Myth one: the “rule of 85” is illegal according to the European Union (EU)
The “rule of 85”, which applies to the local government pension scheme (LGPS), permits members whose age plus years in service reaches 85 to retire at 60, rather than 65.
The government claims this breaches an EU directive on age discrimination because people with the same length of service, but of different ages, could be treated differently.
In December last year, local government minister Phil Woolas said, “It is our clear intention to remove the rule of 85 from the scheme from 1 October 2006 to comply with European age discrimination legislation.”
But EU commission spokeswoman on employment, social affairs and equal opportunities, Katharina von Schnurbein, said, “It’s an artificial debate and one that is only going on in Britain.
“The directive has no influence on pension value or age. It is completely up to the member state. If they think it is reasonable for people to retire at 60, under EU law, that is perfectly legal.”
Heather Wakefield, head of local government at the Unison union, said, “We’ve always thought that linking the EU to the end of the rule of 85 is just a cover, because they’ve known about the directive for almost six years and it hasn’t been mentioned before.”
Myth two: a quarter of your council tax goes on local government workers’ pensions
This claim was carried by every major newspaper at the end of January.
The Sun was typical when it reported that, “Fury erupted last night as it emerged a QUARTER of council tax is funding town hall pensions.”
The claim was based on a report by Douglas Anderson on Channel 4’s “Whose Pension Are You Paying?” Anderson, who works for the LGPS actuary Hymans Robertson, said that 26 percent of council tax is spent on the LGPS, teachers’ and firefighters’ pension schemes.
But in a letter to the Local Government Chronicle, Ronald Bowie, a partner at the same firm as Anderson, apologised for the claim. The true figure, Bowie says, is “around 5 percent”.
Many more battles lie ahead
Pilots working for British Airways are being advised by their union to borrow £25,000 each to prepare for a long strike over their pension scheme.
The British Airlines Pilots Association (Balpa) said it is getting ready for an all-out strike of its 2,822 British Airways members.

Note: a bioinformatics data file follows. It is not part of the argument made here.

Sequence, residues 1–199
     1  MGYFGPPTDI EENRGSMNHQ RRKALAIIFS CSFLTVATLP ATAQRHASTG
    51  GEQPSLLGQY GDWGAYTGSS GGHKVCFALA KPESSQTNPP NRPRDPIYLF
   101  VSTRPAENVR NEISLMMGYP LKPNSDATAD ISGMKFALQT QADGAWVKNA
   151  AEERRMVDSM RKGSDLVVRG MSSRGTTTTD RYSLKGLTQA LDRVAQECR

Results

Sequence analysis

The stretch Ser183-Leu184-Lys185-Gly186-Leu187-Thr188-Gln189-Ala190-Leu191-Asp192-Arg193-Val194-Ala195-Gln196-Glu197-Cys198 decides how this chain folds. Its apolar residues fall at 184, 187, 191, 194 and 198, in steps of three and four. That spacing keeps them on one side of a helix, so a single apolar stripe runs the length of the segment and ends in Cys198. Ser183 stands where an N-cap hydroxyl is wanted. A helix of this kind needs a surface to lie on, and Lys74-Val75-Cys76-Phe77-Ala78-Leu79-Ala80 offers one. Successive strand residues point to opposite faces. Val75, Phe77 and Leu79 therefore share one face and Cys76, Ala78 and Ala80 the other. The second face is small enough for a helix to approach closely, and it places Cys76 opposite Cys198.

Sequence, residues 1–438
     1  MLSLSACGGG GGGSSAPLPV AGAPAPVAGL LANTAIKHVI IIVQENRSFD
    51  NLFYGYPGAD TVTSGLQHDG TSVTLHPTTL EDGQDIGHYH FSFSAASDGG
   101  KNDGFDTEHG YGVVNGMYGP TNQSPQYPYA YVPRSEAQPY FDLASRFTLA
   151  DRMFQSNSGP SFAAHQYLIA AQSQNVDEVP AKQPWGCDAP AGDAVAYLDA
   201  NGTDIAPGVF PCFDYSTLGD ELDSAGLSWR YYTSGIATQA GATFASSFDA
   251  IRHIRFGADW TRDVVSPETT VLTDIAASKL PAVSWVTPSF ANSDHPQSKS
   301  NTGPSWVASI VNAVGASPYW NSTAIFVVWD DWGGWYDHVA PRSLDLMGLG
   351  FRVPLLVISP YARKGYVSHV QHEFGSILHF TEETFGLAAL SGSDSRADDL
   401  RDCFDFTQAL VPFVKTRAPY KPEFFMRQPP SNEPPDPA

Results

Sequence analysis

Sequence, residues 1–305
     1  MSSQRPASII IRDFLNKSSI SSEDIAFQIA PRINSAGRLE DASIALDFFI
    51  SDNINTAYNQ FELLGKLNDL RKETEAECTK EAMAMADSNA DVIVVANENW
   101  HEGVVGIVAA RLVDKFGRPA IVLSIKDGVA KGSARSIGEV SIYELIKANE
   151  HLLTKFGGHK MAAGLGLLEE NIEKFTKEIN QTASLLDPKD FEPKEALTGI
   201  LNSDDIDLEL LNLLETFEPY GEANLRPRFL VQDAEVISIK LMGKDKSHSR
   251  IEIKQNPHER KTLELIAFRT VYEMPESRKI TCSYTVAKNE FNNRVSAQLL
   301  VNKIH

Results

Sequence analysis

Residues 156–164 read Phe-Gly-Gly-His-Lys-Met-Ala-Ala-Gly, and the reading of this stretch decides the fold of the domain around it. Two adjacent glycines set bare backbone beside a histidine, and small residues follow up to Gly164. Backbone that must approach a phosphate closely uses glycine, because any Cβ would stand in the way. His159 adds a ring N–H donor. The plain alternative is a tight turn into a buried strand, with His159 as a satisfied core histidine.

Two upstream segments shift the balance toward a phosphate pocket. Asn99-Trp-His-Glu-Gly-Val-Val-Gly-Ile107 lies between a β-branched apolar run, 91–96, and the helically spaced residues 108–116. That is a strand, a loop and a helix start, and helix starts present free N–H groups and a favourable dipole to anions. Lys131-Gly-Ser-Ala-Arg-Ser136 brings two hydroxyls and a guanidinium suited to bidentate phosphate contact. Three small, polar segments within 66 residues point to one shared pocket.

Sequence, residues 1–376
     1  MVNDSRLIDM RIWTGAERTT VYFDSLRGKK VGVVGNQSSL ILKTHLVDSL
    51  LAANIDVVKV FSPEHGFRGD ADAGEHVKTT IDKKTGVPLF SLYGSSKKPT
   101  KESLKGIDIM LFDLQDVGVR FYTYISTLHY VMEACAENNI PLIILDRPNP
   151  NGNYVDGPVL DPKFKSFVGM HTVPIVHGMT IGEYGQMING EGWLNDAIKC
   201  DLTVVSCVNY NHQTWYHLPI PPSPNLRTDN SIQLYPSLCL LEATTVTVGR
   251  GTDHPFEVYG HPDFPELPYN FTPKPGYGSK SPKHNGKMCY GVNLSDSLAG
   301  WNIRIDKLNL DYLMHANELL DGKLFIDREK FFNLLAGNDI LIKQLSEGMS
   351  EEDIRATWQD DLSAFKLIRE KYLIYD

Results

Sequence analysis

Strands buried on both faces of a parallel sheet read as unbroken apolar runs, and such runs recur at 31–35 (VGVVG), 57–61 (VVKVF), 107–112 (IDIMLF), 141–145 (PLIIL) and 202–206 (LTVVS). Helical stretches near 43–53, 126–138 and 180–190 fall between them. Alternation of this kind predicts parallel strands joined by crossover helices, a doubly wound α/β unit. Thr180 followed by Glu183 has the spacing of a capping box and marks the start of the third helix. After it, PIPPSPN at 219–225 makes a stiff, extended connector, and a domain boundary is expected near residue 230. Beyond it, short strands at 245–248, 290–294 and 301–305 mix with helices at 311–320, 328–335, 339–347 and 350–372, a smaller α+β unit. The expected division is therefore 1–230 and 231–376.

The airline will announce plans by the end of March to cut the cost of its main pension scheme. The union believes that a change from a final salary to a career average scheme could cut pensions by 36 percent.
- The Amicus union last week accused IBM of seeking to close its final salary pension scheme by stealth.
The changes involve making only two thirds of any future salary increase pensionable, which will progressively erode the future pensions of employees.
- Following a 15-month investigation by the parliamentary ombudsman into the plight of workers who have lost their pensions, the government may have to pay more than £5 billion in compensation.
The resulting report by Ann Abraham, delivered to the government last month, is understood to accuse ministers and officials of a catalogue of mistakes and of misleading the public and parliament.
More than 85,000 people have lost their pensions as over 400 companies have gone bankrupt or closed their pension schemes. Most of the schemes involved foundered after the crash in share values in 2000.
In the past firms had to ensure that there was enough money in company pension funds. Labour changed the rules so that companies could pay less money in but did not warn the public that savings were no longer secure.
Socialist Worker’s guide to the pensions ballots
Who will be balloting?
- Local government workers including nursery nurses, teaching assistants, home care workers, school meals workers, some bus drivers, road gritters, meat hygiene inspectors, environmental health officers, librarians, gardeners, college technicians, admin and clerical staff, secretaries and cleaners.
- Others in the local government scheme such as workers in the environment agency, police support staff, cleaning and waste companies, voluntary sector and parts of higher education.
- Around 6,000 NUT teachers’ union members who work directly for local authorities, such as advisers to schools.
What’s the timetable?
20 February Ballot opens
13 March Ballot closes
14 March Result announced
17 March Notice to employer of industrial action
28 March Proposed day of action